Castle Glower’s towers have transported Princess Celie, her siblings and her pet griffin, Rufus, to an unknown land—a world of wild griffins, shadowy forests and castle ruins. As they set out on a dangerous adventure to discover their whereabouts, they find an entire lost people, divided by the wishes of two wizards in a centuries-old quarrel over their beloved home—Castle Glower! Why has the castle sent Celie and her siblings here, and will they ever get back home?
Spymaster by Deborah Chancellor (eBook)
Working in the dark shadows of Elizabeth I’s glory, the spymaster Sir Francis Walsingham protects his queen with plots, entrapment and torture. When Kit is forced into Walsingham’s service, he is horrified at what he sees. Can he work in Walsingham’s police state and live with himself? And what will happen if Walsingham ceases to protect him? Some secrets are deadly…
Hurrah for Puffin Books because they have just published several new Beano titles. The new joke book features their all-time favourite punch lines from the last 75 years.
Q What do you give a sick lemon? A “Lemon aid”
Q What do you call bears with no ears? A “B!”
Elizabeth Hammill has assembled this beautiful anthology of nursery rhymes from around the world. From Japanese haikus to rhymes from Inuit cultures, this fantastic collection also features illustrations from more than 70 top illustrators. The pictures are stunning, the selection of rhymes are diverse and the whole book is a real delight. This anthology provides a treasury item for aspiring illustrators as well as for families and playgroups.
If you’re looking for a well-illustrated one volume encyclopaedia for 7 to 11 year olds, then this title could be the one for you. Covering topics ranging from dinosaurs to space, it poses and answers questions as diverse as “Why do lions have fur?”, “Where does the sun go at night?” and “Why does fruit rot?”. Each topic has a double page spread, the typeface is clear, and illustrations and captions are excellent and easy to understand.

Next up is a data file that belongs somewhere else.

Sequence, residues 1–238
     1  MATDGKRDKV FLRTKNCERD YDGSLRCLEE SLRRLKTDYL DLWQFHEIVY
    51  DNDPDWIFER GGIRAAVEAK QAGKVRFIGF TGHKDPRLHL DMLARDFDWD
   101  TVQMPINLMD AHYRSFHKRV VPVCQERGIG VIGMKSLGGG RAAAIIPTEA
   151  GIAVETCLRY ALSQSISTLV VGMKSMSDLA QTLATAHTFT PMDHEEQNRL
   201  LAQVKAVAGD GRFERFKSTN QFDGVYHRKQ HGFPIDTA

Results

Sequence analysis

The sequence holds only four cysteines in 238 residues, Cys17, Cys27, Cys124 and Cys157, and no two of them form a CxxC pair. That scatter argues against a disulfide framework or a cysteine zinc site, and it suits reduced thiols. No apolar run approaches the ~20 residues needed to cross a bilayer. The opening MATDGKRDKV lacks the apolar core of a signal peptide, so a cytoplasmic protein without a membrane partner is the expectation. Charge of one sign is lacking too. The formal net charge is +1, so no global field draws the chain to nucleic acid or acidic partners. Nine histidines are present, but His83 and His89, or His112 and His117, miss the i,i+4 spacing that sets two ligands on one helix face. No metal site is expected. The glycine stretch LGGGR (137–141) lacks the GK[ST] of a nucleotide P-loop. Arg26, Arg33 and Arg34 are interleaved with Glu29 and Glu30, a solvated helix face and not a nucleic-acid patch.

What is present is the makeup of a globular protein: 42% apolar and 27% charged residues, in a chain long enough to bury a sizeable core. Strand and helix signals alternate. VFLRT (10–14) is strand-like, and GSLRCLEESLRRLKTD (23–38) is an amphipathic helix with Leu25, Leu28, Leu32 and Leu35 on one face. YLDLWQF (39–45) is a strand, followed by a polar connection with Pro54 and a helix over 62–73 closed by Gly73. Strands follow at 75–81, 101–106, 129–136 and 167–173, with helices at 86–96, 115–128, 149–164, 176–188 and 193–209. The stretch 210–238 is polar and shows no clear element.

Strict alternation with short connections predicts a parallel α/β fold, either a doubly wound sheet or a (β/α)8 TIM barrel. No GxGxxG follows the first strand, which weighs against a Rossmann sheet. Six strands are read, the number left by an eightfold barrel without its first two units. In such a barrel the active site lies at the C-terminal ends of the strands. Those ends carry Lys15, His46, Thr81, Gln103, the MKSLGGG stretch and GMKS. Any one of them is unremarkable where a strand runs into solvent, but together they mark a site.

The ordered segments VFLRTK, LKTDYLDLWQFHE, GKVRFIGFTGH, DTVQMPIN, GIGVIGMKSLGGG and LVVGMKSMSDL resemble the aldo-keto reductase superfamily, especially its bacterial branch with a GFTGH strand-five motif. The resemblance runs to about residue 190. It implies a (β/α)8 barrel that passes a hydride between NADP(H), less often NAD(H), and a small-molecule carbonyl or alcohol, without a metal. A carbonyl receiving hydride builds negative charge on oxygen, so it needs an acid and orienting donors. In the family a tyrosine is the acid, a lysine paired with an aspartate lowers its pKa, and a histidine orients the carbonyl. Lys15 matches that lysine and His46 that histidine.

I can’t, but after reading the title of this book I did try. This great book also features other questions including “can you pick up a car”, but I didn’t try that. Crammed full with great illustrations, captioned photographs and quirky anatomical questions, this book may be short but you won’t put it down from start to finish.
Chosen from across the world, a fight to the death is the destiny of the twelve young people who have been selected to represent their families in the Endgame. The Players know who they are and they know which line they represent. The deadly Endgame is a challenge of strength and skill and puzzling unravelling. Each of the Players react differently to their fate and to the journey they have embarked on. Readers, too, will have to follow the clues to tease out the answers to this well-crafted and well-knotted puzzle. Hunger Games fans should enjoy this first novel in the new Endgame series.
This is the third book in the Itch series which features the fearless and honourable chemistry geek Itchingham Lofte. This time the action shifts to Spain where exploding bank notes prompt political unrest. A fast action thriller with a loyal fan base.
The Whispering Skull is the second title in the Lockwood & Co series about London’s smallest, shabbiest and most talented psychic detection agency. Stroud delivers once again riveting adventure, and as in the first volume there are plenty of heart-stopping moments and a generous dollop of gore. Rest assured it’s nothing most teens and confident readers can’t handle!
In this third volume of the thrilling Mickey Bolitar crime series, life for Mickey and his friends get more complicated as they are drawn into mystery and intrigue. A real adventure drama full of twists and turns, this novel is gripping from start to finish.